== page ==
It took some time until I finally could get back to my little Android game and I must admit that this wasn’t really a “day” I worked on it. Instead, it were multiple, scattered and short sessions where I worked on the collision testing and response code, some effects and UI stuff. It’s simply too hot currently… so bear with me that there’s no cool video this time. Keep reading below if you’re interested in the recent progress. Comments are welcome! In case you missed it, also don’t forget to read the earlier reports on my steps in Android game development: Steps 1-3, Step 4, Step 5.
Day #5, Sunday, June 27th. Here’s the rough concept for timed events I already mentioned in my last posting. It’s working for now, but I’ll do some more tweaks to abstract this even further and make it more flexible. Keep reading below if you’re interested in today’s progress. Comments are welcome! In case you missed it, also don’t forget to read the reports on my steps in Android game development: Steps 1-3 and Step 4.
Day #4, Saturday, June 26th. Keep reading below if you’re interested in today’s progress. Comments are welcome! In case you missed it, also don’t forget to read the report on my first three steps in Android game development.
I’m building rather boring enterprise applications at work and I love creating more appealing things in my spare time, so I do a bit of game development whenever I can. The main problem for a programmer is to get some graphics, but fortunately I have some nice renderings from my old Project E tutorial and the even older Project D game by sechsta sinn on my harddisk that I could put into use (all done by my friend and favorite artist Martin Ernst, btw.). This is what I managed to do in three after work sessions so far, if you’re interested in the details, continue reading after the video.
This is mainly a note to self because I screw up every time I need to write something like that, so here’s an example for myself in the future. Reference: java.sun.com, Tadtech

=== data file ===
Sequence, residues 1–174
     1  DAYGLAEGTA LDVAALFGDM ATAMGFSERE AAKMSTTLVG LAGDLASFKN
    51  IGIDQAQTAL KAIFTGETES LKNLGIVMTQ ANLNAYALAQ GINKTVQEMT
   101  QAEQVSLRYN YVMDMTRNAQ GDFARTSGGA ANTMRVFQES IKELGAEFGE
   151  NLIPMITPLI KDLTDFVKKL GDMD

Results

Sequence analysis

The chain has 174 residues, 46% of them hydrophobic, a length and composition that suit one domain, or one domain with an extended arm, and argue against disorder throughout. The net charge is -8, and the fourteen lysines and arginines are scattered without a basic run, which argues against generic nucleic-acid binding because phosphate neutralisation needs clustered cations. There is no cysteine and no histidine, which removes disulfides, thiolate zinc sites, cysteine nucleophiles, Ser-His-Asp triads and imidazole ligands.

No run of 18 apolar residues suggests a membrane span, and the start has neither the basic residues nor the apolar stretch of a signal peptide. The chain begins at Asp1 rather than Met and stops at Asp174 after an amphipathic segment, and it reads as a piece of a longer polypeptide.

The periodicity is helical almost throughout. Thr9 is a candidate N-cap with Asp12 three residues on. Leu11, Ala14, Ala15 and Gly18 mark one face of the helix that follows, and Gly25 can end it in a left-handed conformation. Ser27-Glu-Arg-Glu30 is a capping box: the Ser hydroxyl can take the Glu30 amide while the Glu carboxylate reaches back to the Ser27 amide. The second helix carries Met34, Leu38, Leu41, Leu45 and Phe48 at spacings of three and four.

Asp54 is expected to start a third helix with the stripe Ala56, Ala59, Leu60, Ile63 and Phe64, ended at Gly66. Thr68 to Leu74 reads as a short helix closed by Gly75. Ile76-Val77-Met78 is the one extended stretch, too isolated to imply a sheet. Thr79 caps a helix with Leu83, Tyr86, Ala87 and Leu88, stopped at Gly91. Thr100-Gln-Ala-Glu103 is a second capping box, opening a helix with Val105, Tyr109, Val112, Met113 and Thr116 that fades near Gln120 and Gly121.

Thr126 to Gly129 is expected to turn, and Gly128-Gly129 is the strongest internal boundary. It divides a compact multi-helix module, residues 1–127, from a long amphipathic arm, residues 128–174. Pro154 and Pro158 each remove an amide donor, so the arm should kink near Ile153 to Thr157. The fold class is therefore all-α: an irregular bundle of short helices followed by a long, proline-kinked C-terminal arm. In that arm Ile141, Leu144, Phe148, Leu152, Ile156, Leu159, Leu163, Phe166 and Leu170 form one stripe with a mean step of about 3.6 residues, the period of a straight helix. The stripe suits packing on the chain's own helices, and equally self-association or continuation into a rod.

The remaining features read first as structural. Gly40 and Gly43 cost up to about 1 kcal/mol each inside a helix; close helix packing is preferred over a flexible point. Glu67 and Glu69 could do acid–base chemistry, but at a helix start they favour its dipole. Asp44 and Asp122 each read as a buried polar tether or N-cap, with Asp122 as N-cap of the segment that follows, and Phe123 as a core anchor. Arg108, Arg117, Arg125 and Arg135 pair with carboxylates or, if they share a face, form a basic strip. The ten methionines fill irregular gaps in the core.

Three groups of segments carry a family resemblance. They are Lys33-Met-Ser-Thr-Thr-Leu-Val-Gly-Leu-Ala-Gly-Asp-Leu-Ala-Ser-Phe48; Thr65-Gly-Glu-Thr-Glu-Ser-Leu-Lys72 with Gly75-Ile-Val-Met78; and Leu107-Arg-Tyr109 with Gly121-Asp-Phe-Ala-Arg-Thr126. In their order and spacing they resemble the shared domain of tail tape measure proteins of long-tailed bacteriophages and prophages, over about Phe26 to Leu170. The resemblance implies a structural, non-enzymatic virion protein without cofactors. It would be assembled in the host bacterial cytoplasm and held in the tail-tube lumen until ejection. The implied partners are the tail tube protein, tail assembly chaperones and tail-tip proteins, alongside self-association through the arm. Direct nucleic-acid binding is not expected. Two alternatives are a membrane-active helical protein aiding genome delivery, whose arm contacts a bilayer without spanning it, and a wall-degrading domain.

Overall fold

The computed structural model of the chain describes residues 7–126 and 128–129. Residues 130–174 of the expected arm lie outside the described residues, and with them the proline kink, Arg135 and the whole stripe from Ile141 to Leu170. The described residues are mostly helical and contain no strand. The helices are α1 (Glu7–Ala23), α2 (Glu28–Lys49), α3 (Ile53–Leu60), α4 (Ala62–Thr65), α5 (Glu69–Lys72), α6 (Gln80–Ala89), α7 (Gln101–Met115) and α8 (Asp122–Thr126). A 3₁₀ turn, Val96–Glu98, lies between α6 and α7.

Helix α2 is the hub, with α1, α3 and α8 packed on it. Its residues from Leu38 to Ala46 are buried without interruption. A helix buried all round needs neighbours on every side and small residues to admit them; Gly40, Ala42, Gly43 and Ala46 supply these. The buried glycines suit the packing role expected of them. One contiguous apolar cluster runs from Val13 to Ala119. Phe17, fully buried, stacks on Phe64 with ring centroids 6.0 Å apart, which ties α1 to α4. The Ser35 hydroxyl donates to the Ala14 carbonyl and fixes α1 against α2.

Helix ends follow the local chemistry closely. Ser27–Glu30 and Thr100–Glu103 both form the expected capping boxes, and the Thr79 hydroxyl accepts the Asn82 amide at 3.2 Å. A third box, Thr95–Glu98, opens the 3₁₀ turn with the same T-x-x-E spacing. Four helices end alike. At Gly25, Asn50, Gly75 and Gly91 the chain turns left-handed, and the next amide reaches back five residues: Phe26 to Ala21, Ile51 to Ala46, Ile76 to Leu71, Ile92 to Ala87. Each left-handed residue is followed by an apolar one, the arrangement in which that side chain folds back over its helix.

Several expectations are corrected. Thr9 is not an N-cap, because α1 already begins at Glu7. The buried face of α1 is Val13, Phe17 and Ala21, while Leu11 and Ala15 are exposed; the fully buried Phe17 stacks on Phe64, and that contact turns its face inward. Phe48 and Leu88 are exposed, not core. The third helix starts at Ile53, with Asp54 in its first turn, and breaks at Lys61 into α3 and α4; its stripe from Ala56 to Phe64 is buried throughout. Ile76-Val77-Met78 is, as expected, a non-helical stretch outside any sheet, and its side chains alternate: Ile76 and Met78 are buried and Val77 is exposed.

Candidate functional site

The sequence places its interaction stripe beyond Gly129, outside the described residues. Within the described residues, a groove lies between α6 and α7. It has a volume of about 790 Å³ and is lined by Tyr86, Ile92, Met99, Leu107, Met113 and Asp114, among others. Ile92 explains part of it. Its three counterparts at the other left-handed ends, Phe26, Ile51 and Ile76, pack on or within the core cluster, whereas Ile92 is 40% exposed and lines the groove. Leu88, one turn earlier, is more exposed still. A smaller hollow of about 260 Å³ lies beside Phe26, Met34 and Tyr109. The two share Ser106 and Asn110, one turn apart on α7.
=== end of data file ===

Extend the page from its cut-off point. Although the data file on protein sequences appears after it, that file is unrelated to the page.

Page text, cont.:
Last year’s success story continues. If you consider to do GWT 1.7.x development on a 10.5.8 Leopard, you better spare the 4.0.5 update too and stick to Safari 4.0.3; it keeps crashing even though the bug was reported to be fixed in 4.0.5. I am displeased.
I was searching for that today and thought I could write a short wrap-up of what I ended up with. Particularly helpful was the Android TranslucentGLSurface sample code and a thread in the Android Beginners group. Keep reading below for the fully commented source code.
I installed the Safari 4.0.4 update yesterday on my OS X 10.5.8 (Leopard) and got GWT 1.7.x crashes ever since then. That’s a pitty since I’m involved in a larger GWT project (featuring GWT Canvas). There’s already a ticket and a simple workaround available but that’s no choice for production environments. So if you have a Google account, please vote for it so it gets resolved soon. Apparently it’s a Webkit bug which will be fixed in Safari 4.0.5. Update: I could downgrade back to Safari 4.0.3 using Pacifist and the Safari 4.0.3 installation package. I opened the package with Pacifist and chose “Replace” as the option for all files. Trying to apply the package alone won’t help because it detects that a later version was installed, even if you try to remove Safari competely using AppZapper. Safari’s “About” screen shows version 4.0.3 again, OS X asks me to update to 4.0.4 again and my GWT application is back running. Not sure whether there are any other side effects, though, so handle with care. Another …
…it just works! (Source)
Google has announced the second Android Developer Challenge and I’m seriously considering taking part. They have ten different categories with three attractive prizes each and one overall category with three even more attractive prizes. Given the facts that there were only 1788 submissions last year, that I have already gathered some experience in mobile device development and that I do work with several Google APIs for my freelancing job I consider my chances not too bad. Idea, anyone? 😉